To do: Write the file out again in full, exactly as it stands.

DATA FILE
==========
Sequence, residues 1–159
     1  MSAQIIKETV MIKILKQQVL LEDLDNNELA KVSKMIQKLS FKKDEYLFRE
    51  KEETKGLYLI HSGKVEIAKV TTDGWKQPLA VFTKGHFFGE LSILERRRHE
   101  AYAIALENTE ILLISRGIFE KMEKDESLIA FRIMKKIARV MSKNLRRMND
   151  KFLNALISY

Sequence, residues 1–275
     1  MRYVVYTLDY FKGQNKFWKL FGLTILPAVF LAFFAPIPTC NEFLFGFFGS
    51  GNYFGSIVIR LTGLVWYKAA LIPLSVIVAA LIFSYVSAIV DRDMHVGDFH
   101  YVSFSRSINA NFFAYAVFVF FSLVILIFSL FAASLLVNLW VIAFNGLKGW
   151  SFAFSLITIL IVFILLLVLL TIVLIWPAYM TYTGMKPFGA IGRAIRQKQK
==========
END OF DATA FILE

Sequence, residues 1–159
     1  MSAQIIKETV MIKILKQQVL LEDLDNNELA KVSKMIQKLS FKKDEYLFRE
    51  KEETKGLYLI HSGKVEIAKV TTDGWKQPLA VFTKGHFFGE LSILERRRHE
   101  AYAIALENTE ILLISRGIFE KMEKDESLIA FRIMKKIARV MSKNLRRMND
   151  KFLNALISY

Sequence, residues 1–275
     1  MRYVVYTLDY FKGQNKFWKL FGLTILPAVF LAFFAPIPTC NEFLFGFFGS
    51  GNYFGSIVIR LTGLVWYKAA LIPLSVIVAA LIFSYVSAIV DRDMHVGDFH
   101  YVSFSRSINA NFFAYAVFVF FSLVILIFSL FAASLLVNLW VIAFNGLKGW
   151  SFAFSLITIL IVFILLLVLL TIVLIWPAYM TYTGMKPFGA IGRAIRQKQK